There aren’t that many breed rescue groups for doodles, in spite of the fact that they are one of the most popular breeds around these days. That means so many dogs who get given up for being too big, too active, etc. People give dogs up for the weirdest reasons. They get bored with the dog or they’re moving, so they say they have to give up the dog. They wouldn’t give up their children if they were moving, I think, but I can’t be sure.

So I started looking up Labradoodle breeders to inquire after adult dogs who might need re-homing or rescue. And I came upon Golden Gate Labradoodles just south of here, so I e-mailed Kristin the owner/breeder, to ask about rescues.

And she told me the most wonderful news I have heard all week.

They rarely get returns, since they breed first and foremost for temperament and they screen adopters carefully. But they do have a Guardian Program for their breeding dogs, and there’s one adult male they’ve recently added to their program whom they adore but who really deserves to have his own guardian family and home.

His name is Topper.

Topper was also the name of my very first pet — a dime store turtle from Kresge’s. I loved that turtle. I cared for him endlessly, fed him and petted him and made adventures for him in his little dime store turtle bowl with the red diving board and the green plastic palm tree on the central island oasis. I remember all of this vividly because he was the most interactive pet I had until we got our Schnauzer Cappy.

My eyes bugged out when I read that. I did a double-take.


Kristin forwarded me the information on their guardian program as well as some information about Topper as a family dog. It’s basically a foster-to-own program, in which the dog lives with you in your home as your pet, and a few times a year he has a breeding “gig,” for which you drive him either to the breeder or to the specialized repro vet. For male dogs, this is a pretty minor affair, dog sex being what it is — which is to say, quick and dirty (or in the case of the repro vet, very sanitary). When the dog’s breeding career comes to an end in a few years (probably four or five), ownership gets transferred, he gets neutered, and he lives with you as your forever dog.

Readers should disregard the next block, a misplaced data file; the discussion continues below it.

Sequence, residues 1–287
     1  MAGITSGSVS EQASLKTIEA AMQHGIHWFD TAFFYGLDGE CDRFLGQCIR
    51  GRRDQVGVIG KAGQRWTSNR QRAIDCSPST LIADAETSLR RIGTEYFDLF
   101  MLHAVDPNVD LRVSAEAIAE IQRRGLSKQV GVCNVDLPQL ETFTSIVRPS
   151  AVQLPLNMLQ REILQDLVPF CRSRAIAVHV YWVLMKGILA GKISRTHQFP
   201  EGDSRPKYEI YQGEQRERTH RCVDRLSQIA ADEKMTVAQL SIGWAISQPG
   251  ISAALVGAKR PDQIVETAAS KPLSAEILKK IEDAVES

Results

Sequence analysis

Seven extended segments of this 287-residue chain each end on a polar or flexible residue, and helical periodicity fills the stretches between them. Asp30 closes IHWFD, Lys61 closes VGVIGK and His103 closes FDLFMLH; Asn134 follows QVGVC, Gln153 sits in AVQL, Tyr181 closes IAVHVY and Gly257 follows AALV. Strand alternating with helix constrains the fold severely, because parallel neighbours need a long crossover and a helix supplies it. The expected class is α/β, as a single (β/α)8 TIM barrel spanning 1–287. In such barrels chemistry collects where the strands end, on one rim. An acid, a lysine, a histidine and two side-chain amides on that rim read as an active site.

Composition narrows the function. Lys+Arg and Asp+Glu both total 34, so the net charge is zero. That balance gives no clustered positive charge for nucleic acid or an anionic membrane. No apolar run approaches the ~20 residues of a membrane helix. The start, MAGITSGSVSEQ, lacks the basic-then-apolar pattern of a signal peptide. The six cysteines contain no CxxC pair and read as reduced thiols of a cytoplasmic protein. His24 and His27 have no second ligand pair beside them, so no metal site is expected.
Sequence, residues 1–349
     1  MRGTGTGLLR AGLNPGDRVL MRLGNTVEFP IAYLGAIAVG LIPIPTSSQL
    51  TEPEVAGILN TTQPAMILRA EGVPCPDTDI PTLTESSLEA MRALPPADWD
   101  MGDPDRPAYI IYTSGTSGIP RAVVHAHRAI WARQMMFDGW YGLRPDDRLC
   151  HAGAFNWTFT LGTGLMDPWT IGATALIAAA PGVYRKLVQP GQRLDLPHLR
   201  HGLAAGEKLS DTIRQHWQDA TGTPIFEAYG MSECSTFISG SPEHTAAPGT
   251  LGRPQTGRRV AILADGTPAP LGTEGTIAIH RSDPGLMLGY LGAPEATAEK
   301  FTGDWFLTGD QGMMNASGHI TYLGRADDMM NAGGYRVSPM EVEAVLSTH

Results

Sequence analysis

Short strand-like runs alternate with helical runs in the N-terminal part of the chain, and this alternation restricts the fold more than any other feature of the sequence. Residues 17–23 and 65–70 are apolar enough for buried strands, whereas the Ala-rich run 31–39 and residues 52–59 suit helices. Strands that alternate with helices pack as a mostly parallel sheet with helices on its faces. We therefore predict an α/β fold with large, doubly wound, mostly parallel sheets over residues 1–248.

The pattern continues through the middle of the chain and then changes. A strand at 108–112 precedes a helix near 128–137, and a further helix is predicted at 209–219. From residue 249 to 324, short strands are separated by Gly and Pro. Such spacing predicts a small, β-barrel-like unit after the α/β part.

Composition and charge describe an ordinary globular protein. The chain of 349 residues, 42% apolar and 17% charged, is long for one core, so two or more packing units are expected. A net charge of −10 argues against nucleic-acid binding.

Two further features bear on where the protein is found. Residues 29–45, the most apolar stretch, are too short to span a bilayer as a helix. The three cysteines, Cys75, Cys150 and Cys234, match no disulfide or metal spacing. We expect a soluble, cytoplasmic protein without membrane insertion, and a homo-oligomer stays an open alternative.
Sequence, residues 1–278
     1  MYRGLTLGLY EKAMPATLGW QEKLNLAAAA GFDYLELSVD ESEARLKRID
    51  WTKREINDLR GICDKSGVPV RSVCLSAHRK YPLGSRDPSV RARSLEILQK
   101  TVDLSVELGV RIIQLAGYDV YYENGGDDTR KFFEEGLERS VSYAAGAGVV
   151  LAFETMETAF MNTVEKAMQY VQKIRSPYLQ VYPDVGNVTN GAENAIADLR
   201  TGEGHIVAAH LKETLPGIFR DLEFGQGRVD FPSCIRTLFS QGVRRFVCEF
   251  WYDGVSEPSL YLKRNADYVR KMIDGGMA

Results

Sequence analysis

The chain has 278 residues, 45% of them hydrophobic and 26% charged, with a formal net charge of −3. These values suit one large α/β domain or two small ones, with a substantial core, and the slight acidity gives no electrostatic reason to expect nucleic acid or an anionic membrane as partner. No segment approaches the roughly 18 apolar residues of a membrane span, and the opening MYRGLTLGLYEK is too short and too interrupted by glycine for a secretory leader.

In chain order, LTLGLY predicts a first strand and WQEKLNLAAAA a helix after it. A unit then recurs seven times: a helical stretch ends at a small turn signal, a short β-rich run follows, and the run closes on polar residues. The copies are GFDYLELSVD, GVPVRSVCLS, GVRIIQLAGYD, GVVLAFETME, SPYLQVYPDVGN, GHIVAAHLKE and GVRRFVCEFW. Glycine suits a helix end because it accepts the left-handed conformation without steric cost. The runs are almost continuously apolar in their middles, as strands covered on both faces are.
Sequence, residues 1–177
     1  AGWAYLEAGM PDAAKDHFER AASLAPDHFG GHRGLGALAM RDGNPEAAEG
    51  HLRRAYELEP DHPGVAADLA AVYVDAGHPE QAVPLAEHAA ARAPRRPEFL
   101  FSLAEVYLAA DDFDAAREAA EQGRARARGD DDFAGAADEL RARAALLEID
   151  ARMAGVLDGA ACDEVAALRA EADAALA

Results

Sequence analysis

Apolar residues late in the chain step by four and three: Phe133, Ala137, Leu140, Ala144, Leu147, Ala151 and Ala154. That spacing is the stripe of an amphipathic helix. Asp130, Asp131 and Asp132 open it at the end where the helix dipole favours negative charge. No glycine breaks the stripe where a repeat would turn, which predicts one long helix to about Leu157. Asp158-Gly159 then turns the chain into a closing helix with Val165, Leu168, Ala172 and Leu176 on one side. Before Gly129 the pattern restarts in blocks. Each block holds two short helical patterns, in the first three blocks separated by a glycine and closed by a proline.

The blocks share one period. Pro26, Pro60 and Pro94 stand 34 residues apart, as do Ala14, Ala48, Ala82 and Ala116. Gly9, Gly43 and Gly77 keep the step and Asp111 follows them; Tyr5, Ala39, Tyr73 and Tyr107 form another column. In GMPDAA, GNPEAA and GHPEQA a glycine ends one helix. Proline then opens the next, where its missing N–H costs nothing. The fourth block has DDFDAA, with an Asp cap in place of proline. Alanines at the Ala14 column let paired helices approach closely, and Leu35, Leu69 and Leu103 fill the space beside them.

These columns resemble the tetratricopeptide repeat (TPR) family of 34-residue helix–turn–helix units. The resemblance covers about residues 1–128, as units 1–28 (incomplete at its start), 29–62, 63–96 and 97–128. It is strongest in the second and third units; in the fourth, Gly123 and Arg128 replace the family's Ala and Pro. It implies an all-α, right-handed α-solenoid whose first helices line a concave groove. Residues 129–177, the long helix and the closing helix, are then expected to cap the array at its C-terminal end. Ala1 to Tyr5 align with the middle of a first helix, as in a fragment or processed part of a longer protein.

They have come to love him dearly but their home pack consists of a number of already-estabished dogs in their program, and Kristin feels like it’s not fair to Topper, who deserves to be the center of attention in a family — the most-loved dog in his pack. So she’s been looking for the right family of owner-guardians to match him with.

She forwarded a link to his profile on their web site and my heart bloomed open. He could not be more different from Fromage — fluffy, non-shedding, mellow, confident, laid back. He’s the color of cafe au lait — referred to in Australian Labradoodle parlance as “cafe,” a diluted coffee color, almost taupe, with a non-shedding coat but the same eager, loving chocolate eyes I am looking for.